One-Night Reads

August 19, 2013 | 3

“Ever since, I have added a new layer of rules for my casual sex partners, especially when I end up in their space: I ask them for a book prior to exiting. I might phrase it more diplomatically, saying ‘I just want to read something on my train-ride back,’ or ‘I just finished my last book and I have been looking for the next one.’ Via this simple action I can estimate a lot more on a broad scale of very personal information and variation of taste than what I could possibly collect through hours of post-coital, emotional interrogation.” Seven books Elias Tezapsidis acquired through casual sex.

is a staff writer for The Millions. He lives in New York.


  1. Let me see if I understand what I’ve just read. After Elias Tezapsidis has casual sex with a woman, and as he is preparing to flee, he asks her – in a way that makes it difficult for her to decline – to take one of her books. He then uses this book to judge her taste and worthiness, a method of getting acquainted with her that he prefers to actual conversation. Finally, he writes about this abominable habit in a self-indulgent, formless, pretentious essay that fails to clarify whether he returns the books. And in the middle of this essay he plops down a paragraph that serves no conceivable purpose aside from informing the reader that Elias Tezapsidis owns an expensive coat and once fooled around with an actress.

    I know I shouldn’t take these things personally, but is Elias Tezapsidis trolling me?

  2. I don’t really know how I can improve on Garrett’s succinct and brilliant comment, so I will simply add 1 – A few lines on what I found annoying about Mr. Tezapsidis’ essay; 2 – One comment to the original essay page that made it all worth while, and 3 – One more observation on another long-forgotten essay this suddenly reminded me of:


    a.) The David Foster Wallacerish footnotes;

    b.) Acronyms for city neighborhoods (LES), at least I think that’s what they must be;

    c.) Hurting my head trying to figure out whether the reference to the cheap and easily replaceable book copies is/is not deliberately intended by the author to parallel his ever flowing fountain of “strange” to diddle (at least until youthful good looks and/or money dries up);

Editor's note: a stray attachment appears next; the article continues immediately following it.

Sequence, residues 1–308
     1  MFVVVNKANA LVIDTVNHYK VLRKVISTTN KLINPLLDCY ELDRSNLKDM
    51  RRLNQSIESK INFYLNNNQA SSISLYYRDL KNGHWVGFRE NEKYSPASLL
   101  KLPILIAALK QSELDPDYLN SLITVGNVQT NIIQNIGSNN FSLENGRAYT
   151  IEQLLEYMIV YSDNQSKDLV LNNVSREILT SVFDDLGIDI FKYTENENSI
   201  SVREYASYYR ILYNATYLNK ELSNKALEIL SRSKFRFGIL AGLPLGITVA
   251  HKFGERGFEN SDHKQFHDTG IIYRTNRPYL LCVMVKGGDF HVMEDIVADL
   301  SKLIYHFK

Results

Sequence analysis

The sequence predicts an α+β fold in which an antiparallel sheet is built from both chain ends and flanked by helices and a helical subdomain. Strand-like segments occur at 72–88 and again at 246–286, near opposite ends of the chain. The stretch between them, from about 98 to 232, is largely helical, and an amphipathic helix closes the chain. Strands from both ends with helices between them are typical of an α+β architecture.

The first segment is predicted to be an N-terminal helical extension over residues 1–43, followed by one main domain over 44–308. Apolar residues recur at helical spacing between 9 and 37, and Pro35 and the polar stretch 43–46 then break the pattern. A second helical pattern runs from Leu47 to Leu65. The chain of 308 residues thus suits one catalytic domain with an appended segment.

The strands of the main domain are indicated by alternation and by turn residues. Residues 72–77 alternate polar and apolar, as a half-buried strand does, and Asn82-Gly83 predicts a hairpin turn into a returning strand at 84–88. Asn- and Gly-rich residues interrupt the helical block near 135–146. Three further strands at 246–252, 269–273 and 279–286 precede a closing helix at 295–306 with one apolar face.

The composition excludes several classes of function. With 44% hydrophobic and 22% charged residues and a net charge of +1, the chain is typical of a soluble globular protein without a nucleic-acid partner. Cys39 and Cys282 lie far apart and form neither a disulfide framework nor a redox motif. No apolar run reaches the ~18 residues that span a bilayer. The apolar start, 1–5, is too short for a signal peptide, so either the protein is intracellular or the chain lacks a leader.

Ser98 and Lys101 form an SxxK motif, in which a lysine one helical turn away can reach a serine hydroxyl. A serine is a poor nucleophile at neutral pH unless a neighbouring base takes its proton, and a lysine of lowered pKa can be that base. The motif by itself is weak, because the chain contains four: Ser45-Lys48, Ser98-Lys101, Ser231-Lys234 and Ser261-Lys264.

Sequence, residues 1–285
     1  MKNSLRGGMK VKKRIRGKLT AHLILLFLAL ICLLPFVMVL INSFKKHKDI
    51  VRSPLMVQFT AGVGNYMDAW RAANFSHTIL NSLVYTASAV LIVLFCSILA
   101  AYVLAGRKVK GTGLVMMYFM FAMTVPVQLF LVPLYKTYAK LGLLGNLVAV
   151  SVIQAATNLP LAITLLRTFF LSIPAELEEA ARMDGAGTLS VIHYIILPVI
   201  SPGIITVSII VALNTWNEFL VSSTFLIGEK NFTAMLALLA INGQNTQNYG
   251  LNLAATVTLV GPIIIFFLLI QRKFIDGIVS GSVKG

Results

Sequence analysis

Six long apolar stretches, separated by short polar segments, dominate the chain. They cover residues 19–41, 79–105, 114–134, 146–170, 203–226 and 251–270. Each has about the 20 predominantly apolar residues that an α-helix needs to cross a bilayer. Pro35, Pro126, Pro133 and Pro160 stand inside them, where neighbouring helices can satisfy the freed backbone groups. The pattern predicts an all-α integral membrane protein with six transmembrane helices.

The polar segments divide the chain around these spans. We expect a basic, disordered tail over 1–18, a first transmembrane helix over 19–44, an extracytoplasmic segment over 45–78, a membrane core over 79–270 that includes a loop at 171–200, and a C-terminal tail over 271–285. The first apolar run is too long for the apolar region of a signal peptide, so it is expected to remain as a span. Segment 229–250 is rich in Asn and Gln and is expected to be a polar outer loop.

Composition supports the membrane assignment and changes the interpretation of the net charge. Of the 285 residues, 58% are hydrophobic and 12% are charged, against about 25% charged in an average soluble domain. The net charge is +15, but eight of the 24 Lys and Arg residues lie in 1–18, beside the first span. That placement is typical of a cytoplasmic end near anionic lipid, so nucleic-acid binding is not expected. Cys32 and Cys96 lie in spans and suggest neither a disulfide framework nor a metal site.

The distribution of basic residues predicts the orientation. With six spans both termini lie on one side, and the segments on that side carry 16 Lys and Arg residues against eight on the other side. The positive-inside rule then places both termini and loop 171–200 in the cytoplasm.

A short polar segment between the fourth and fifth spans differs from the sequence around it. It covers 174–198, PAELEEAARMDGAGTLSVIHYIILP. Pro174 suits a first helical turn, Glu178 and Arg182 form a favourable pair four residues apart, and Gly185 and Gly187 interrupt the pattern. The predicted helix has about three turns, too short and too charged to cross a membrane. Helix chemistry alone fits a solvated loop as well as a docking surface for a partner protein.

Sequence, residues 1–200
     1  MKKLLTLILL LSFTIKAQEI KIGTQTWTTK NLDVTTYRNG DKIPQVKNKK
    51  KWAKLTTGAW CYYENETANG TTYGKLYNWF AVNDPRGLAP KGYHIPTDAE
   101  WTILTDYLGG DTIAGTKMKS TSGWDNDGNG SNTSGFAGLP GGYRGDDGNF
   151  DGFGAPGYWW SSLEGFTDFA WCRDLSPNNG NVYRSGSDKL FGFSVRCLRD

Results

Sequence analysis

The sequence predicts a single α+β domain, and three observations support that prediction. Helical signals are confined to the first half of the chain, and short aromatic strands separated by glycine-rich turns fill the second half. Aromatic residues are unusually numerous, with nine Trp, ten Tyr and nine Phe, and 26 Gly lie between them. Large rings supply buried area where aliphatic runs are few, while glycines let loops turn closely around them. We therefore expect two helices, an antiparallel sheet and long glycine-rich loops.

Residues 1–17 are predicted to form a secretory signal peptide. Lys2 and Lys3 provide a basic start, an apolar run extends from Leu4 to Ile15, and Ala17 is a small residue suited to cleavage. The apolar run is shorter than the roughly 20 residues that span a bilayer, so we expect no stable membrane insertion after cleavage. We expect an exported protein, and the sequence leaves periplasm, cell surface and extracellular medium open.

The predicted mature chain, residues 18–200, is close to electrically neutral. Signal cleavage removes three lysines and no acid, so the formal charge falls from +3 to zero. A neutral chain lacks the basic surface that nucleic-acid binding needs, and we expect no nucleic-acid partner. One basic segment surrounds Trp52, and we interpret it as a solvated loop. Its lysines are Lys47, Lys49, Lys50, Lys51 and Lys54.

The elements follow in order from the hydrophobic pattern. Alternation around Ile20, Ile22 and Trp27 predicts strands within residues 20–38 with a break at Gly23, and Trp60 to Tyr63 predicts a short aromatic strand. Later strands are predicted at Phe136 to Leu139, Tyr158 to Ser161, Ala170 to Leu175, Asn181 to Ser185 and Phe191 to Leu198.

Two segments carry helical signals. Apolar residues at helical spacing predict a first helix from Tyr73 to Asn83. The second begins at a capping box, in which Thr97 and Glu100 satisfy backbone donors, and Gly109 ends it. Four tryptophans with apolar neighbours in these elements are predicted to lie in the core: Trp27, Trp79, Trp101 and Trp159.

d.) Any and all references to coke, the financial industry, and elegant coats. 80’s flashbacks I do not need.

    Reader Comment That Made It All Worth While:

    “…The last book I sent someone home with was ‘What to Expect When You’re Expecting.’ He never came back.”

    Another Essay “One Night Reads” reminds me of.

    Ten years or so ago, I read a travel essay by a good-looking young man who had made a weekend trip to Las Vegas. He wrote about the “ropey blue veins” of the “50’ish” waitress at a coffee shop he visited. Everything about his artful prose, his clever badinage, proclaimed that to him, this human being, this stranger, possessed of limitless possible pasts, untold depths and details, existed as nothing more than an unsightly bundle of blue splotches and cellulite, offending his eye as he sipped his morning coffee. That’s what “One Night Reads” reminds me of.

  3. Dear Elias Tezapsidis:

    Just because you know how to write doesn’t mean you should.

    And no one who is a self-proclaimed “neurotic” would write something like this. You seem all too well-adjusted. You’re not neurotic. Just an asshole. A garden-variety asshole.

    If you want to judge the women you have sex with, base it on who they would have sex with. In that case, most of your conquests fail based on the fact that they fucked you.


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